I had a landscaper plant 5 Dawyck (columnar) European beech trees for me along a tall concrete retaining wall to form a hedge. There’s plenty of space for the trees to grow. The planting was done about 6 weeks ago in early spring. The trunks were about 40-45mm thick. Four of the five have leafed out growing beautifully, the biggest one is taking much longer but is about to open all its buds. But just yesterday I discovered white powdery things on all the leaves of all of the trees, look like white flour, and feel a bit sticky. Mostly on the upper side of leaves but some are on the bottom and looking pretty bad. Can also see some curled leaves with lots of powders and maybe some kind of worm in there? I didn’t open up the leaves because I was afraid to get anything else there infected. I’ve never seen this before. Did a little research, suspecting it’s powdery mildew. I don’t understand how they got infected. I’ve been so diligent looking after them, watering about 3-4 days a week. The only concern is I’m not sure if they are getting enough direct sun. I think some are getting about 4 hours and some are getting about 3 hours. Sometimes they only get sunlight on the upper part of the trees due to the retaining wall that is taller than the trees. Before landscaping, we thought hard choosing between hornbeam and beech. We chose beech eventually for its narrower and taller form, and it’s leaves retain better in winter. We spent so much money on getting these trees and planting them, as well as installing the rest of the garden, it’s really hard to even think about I might be loosing them. What did I do wrong? Is it something treatable? Also even if it’s treatable, am I fighting a loosing battle because they are so easy to get this disease for some reason? Is it a sign of insufficient sunlight with the 5th tree not leafing out yet by now? (I thought it’s just taking its time to establish) I’m hoping the trees will grow over 12 metres to form a ore act hedge over years. If this disease keeps coming back then I need to seriously decide whether to keep them or start over. I want to protect the rest of my garden too!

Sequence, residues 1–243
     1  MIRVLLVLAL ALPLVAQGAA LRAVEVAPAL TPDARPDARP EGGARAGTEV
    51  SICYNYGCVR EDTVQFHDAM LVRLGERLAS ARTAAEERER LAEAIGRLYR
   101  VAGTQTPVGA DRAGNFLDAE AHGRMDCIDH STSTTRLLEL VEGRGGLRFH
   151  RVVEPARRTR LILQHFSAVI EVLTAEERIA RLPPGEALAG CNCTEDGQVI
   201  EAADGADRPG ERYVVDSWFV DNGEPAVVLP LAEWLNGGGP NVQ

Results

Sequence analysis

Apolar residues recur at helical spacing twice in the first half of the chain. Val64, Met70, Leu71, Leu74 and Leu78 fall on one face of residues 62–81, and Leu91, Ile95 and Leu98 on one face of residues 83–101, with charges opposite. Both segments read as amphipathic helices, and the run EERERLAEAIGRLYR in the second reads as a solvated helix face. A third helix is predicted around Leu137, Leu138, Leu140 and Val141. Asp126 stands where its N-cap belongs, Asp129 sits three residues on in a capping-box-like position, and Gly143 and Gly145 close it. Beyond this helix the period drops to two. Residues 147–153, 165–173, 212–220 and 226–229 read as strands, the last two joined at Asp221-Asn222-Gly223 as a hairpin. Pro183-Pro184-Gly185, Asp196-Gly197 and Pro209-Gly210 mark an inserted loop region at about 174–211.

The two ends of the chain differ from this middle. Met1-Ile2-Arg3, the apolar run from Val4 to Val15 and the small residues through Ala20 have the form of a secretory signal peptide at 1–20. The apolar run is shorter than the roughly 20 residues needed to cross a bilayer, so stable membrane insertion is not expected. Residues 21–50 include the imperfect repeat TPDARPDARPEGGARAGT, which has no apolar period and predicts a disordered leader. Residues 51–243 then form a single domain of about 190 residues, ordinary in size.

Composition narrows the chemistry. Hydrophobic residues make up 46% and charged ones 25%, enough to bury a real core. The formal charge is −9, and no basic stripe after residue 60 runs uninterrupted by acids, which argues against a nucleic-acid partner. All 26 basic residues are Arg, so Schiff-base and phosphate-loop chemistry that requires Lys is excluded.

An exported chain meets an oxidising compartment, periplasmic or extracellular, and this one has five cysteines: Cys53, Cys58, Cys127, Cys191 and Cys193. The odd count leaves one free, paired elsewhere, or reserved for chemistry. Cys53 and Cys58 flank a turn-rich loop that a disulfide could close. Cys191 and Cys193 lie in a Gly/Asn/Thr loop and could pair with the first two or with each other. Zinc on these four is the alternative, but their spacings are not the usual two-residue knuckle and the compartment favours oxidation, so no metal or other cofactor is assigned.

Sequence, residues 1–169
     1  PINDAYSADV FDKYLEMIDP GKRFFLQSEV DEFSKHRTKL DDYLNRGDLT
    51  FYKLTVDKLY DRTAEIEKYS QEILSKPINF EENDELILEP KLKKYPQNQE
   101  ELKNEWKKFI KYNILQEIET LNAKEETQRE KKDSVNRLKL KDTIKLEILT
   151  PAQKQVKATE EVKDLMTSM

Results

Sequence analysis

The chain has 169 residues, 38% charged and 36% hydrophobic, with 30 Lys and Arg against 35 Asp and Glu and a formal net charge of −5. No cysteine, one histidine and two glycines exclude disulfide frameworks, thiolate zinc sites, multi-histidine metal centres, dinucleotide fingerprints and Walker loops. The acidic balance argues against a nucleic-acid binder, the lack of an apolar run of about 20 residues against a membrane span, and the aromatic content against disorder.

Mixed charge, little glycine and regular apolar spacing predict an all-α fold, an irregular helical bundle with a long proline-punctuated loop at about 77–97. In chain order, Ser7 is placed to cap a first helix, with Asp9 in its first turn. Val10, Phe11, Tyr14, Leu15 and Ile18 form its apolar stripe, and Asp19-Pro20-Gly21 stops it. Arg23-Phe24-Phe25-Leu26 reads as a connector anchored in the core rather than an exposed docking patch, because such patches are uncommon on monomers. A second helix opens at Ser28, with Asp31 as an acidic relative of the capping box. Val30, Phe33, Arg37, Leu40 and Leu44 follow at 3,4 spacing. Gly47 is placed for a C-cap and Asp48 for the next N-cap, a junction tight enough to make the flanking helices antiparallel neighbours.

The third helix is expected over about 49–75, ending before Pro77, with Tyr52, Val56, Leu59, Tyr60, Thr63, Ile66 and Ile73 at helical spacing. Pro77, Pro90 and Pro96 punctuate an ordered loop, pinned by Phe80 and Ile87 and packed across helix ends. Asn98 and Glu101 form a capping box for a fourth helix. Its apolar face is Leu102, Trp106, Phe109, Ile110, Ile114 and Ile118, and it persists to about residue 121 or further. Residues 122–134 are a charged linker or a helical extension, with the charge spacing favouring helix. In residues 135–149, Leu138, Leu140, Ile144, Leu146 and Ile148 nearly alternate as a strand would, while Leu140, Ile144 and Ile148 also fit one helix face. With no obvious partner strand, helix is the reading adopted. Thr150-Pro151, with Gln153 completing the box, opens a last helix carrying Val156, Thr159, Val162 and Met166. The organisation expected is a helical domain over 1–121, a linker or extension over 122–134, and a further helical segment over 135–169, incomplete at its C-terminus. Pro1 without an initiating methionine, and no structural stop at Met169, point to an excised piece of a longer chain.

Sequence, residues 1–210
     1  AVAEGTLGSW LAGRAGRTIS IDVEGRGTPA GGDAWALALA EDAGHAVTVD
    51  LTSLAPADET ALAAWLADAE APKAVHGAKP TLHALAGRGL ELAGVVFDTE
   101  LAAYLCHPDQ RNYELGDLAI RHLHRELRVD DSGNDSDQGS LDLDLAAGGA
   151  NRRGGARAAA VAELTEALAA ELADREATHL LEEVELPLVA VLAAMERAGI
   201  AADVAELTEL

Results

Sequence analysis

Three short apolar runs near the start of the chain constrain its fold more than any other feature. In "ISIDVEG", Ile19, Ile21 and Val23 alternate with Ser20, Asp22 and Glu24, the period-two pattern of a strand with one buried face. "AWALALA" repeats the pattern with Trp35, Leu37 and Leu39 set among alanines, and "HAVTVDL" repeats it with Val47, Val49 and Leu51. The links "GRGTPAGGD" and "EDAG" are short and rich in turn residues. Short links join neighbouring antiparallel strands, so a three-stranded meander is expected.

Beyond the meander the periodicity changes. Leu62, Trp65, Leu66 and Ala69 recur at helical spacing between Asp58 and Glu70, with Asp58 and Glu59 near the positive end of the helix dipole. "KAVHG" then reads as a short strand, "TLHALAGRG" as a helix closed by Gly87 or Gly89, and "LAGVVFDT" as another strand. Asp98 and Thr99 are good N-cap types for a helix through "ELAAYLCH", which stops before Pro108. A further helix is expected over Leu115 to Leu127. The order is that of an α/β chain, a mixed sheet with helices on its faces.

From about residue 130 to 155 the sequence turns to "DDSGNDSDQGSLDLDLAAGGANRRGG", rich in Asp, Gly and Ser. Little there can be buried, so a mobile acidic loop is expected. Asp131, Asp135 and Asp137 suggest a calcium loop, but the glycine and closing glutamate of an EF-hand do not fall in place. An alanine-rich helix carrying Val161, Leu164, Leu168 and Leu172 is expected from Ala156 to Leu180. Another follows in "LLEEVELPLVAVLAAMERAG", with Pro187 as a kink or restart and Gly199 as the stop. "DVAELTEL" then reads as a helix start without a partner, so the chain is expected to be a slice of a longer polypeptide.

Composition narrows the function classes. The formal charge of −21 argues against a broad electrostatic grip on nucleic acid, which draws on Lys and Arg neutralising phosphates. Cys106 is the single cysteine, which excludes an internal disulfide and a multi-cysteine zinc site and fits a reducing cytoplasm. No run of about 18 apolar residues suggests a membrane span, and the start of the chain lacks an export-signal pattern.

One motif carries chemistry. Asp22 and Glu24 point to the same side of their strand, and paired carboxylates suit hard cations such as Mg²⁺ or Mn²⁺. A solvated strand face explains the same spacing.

Thank you for contacting the Toronto Master Gardeners.
from your description of the leaves appearing sticky I suspect that your beech tree is suffering from an attack of Woolly aphids.
Woolly aphids get their name form the fluffy, wax-like substance that covers their bodies. At first glance you may mistake this for fuzzy mold. These aphids are pale yellow, sap-feeding insects, which are covered by fluffy white fibers, forming dense colonies on young shoots and the underside of leaves where they tend to congregate. Often large numbers of the molting or cast “skins” will be attached to leaf hairs, which gives the leaf a whitish appearance.
These sap-sucking pests generally use two hosts: one for overwintering and laying eggs in spring, and one for feeding in summer. Woolly aphid insects generally feed in groups. They can be seen feeding on foliage, buds, twigs and branches, bark, and even the roots. Damage may be recognized by twisted and curled leaves, yellowing foliage, poor plant growth and branch dieback. Aphids exude a sticky substance called honeydew. If left untreated, plants may become covered with sooty mold, an unsightly black fungus that resembles soot. Though this does not normally affect or damage the plant itself, getting rid of the aphids and their honeydew will help control the sooty mold.